Thank you for your reply. I actually thought that the suburban and the Yukon XL were, technically, the same car with a different label. The Yukon XL seems to have about the same wheelbase as the Suburban. Am I right or is the Suburban a different truck then the Yukon? Neither truck seems to have a short wheelbase.
What was the tongue weight of your trailer?
From your reply I understand that power to get up an incline is not the main concern with a (1500) Suburban or Yukon XL with a trailer with an actual weight of 6.000 lbs. The real concern is being in control. Is your advice therefor to start looking for a 2500 Suburban of Yukon?
I missed the XL. Yes the Suburban and the XL are basically the same. So wheelbase should be okay.
Both the Suburban and Yukon XL 2008 and later can be found 3/4 ton, 6.0L, 6-Speed Auto; most have 3.73 some have 4.10. The 2007 3/4 ton Suburban came with a 6.0 and 4-speed Auto. The rated towing capacity is higher with the 6-speed auto. Last year of the 8.1L was 2006.
I think the Denali is only 1/2 ton but I could be wrong, but I think the Denali comes with the 6.2L.
Another thing you have to consider is the weight of the vehicle itself. A 1/2 ton Suburban is heavier than 1/2 ton Tahoe and much heavier than 1/2 ton extended cab pick up. So the 1/2 ton pick up can typically handle a trailer of your size better than a 1/2 ton Suburban or Tahoe, it has more power to spare and less weight on the suspension.
My tongue weight varies depending on how full the tanks are. 50Gal water tank is in front of the axles, 40Gal gray and black tanks are behind the axles. Beginning of the trip my tongue is heavier, typically around 900lbs. End of the trip typically around 600 (I have to shift some of my load forward on the return trip). Use the typical recommendations with the tongue weight somewhere between 10 and 15% of the total weight of the trailer.
I have an Eaz Lift hitch and had to use 1400lb spring bars to try and level the Yukon after hooking up. I ended up with a lot of weight on both front and rear suspension of the Denali and the whole truck front and back being lower by 1.5 to 2 inches after getting everything level. I could have gone to air bags or something else, but in the end I knew I was fighting a losing battle. When I hooked up the trailer to the Denali the tongue weight maxed out the carrying capacity of the Denali and put any more gear in the Denali and could not any passengers other than my wife. I have a friction sway control as well, and even then those side wind gusts pushed me around quite a bit, as well as the Semi-Truck trailers passing me. When I hooked up the trailer to my 3/4 ton Suburban there was hardly any deflection in the rear, about 1.5 inches without spring bars. I found that the 1400lb bars are way too strong with the 3/4 ton (driving the 210 freeway near Pasadena, beat the living cr@p out of me). I have picked up some 1000lb spring bars and will try them on my next trip. If they are too strong I'll try 750lb bars.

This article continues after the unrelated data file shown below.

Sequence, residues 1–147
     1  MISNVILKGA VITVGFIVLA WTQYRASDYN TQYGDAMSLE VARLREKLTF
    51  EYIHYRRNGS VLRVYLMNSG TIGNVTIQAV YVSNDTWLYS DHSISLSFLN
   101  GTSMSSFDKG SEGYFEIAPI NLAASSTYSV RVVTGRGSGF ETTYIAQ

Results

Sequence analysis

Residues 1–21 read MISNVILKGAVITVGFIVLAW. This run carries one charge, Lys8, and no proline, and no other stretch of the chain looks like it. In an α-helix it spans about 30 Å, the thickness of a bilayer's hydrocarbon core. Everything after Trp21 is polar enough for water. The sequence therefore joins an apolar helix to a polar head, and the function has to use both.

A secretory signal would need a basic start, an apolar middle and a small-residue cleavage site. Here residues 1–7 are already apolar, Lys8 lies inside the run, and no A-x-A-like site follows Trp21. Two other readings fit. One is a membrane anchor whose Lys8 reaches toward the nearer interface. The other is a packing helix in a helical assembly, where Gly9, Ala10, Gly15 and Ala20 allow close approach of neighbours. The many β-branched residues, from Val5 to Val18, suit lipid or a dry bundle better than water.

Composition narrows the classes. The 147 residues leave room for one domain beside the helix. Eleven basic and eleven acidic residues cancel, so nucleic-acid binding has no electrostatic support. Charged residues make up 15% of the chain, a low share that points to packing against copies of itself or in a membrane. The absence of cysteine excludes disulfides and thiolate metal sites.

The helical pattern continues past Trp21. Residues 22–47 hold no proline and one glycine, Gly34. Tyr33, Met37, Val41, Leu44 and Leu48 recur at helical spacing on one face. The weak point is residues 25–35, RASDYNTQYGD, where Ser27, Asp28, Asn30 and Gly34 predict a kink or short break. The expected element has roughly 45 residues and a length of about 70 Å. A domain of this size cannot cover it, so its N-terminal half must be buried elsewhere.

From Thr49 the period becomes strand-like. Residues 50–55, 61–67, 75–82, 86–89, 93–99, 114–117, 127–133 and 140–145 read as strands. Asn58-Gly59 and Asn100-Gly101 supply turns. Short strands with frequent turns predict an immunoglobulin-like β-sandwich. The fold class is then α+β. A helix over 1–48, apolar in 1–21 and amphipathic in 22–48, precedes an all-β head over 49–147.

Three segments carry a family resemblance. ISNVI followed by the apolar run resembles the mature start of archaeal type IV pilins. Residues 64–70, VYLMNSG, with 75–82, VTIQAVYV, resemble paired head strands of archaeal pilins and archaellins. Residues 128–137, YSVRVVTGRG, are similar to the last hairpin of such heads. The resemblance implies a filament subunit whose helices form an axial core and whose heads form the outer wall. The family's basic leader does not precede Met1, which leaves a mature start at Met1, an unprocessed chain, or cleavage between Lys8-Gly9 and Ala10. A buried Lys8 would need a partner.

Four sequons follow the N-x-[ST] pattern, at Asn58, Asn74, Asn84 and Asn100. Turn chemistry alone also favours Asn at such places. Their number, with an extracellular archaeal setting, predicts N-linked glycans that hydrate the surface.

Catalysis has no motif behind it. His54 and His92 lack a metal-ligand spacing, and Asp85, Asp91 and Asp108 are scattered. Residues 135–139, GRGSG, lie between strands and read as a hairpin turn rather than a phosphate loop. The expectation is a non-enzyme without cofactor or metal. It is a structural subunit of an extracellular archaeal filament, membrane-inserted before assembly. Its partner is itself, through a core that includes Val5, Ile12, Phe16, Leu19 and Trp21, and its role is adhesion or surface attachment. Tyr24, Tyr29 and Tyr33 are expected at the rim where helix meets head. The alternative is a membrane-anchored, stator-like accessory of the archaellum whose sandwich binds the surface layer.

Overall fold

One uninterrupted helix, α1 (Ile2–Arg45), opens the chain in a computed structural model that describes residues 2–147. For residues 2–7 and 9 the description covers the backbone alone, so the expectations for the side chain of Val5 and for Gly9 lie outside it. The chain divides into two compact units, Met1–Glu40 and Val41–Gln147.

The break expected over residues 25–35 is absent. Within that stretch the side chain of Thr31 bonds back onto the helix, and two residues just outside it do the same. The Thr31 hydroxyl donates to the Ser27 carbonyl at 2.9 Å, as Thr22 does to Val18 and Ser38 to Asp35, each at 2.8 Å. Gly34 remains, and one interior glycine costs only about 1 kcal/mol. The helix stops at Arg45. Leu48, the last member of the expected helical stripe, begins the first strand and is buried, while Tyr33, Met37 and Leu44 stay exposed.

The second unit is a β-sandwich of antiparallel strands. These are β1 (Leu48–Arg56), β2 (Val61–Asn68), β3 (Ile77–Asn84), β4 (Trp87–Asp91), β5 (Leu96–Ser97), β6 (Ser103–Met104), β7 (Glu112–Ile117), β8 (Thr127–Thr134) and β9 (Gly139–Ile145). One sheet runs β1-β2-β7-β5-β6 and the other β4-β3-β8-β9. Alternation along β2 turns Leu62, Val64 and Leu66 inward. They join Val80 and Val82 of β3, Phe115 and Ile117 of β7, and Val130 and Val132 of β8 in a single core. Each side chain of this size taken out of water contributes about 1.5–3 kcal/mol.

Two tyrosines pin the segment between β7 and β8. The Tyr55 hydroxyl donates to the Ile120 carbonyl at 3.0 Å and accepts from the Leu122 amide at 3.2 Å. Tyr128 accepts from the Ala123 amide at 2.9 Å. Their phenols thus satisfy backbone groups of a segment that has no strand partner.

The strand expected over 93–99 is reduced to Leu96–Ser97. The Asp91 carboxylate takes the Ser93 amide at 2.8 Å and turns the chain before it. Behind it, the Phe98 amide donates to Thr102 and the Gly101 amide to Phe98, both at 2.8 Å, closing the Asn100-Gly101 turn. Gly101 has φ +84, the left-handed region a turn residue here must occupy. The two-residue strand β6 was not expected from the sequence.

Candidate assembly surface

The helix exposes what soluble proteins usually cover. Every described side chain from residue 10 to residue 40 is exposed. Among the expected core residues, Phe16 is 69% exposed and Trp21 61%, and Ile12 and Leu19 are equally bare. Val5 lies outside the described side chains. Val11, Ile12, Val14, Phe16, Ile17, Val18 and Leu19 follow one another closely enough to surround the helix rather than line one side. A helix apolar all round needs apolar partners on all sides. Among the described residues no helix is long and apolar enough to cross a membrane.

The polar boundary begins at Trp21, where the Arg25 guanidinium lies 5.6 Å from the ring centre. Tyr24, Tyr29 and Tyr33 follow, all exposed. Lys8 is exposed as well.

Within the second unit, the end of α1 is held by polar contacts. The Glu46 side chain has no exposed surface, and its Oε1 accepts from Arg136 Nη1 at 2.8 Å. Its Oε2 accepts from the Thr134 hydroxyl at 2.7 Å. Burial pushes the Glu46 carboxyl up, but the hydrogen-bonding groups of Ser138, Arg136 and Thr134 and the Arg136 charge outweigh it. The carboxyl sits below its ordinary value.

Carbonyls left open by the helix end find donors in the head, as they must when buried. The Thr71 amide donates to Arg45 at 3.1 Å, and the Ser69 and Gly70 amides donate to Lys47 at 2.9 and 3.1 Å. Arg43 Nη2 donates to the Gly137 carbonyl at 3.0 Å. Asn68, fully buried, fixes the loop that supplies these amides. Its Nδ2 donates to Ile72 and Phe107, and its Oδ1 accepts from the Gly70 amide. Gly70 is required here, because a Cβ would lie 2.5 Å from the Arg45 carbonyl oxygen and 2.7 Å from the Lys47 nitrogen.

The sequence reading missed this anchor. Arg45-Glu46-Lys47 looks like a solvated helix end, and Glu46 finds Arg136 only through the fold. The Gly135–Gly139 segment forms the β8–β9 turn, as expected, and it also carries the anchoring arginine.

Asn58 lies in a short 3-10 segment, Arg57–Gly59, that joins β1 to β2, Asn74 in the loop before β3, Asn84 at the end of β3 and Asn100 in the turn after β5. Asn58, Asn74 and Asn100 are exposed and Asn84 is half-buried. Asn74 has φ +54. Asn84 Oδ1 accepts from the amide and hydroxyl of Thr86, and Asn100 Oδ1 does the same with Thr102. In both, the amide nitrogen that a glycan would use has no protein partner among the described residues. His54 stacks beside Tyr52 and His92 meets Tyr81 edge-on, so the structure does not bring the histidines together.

So lots of choices. In the end I wanted something with strong suspension and better braking ability than a 1/2 ton. I also needed passenger capacity so that left out pick ups which meant leaving out diesel as a choice.
Regarding pulling up a grade with a Suburban, you will probably have more towing capability in a later model 3/4 ton with a 6-speed auto than a 1/2 ton with a 4-speed auto. I only use my Suburban for towing and Saturdays to car pool a bunch of athletes around, it is not my daily driver; so going with a used low mileage 8.1L 4-speed auto works for me.
My recommendation is to look at a 3/4 ton. I think trailer weight wise, with a 1/2 ton you are at the hairy edge of having enough control when you need it most. The 1/2 ton has a much nicer ride than a 3/4 ton, but I can live with that issue.